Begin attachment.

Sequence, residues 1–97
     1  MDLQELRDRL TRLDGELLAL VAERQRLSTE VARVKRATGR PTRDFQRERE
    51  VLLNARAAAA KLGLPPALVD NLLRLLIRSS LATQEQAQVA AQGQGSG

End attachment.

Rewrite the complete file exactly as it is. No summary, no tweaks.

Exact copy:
Sequence, residues 1–97
     1  MDLQELRDRL TRLDGELLAL VAERQRLSTE VARVKRATGR PTRDFQRERE
    51  VLLNARAAAA KLGLPPALVD NLLRLLIRSS LATQEQAQVA AQGQGSG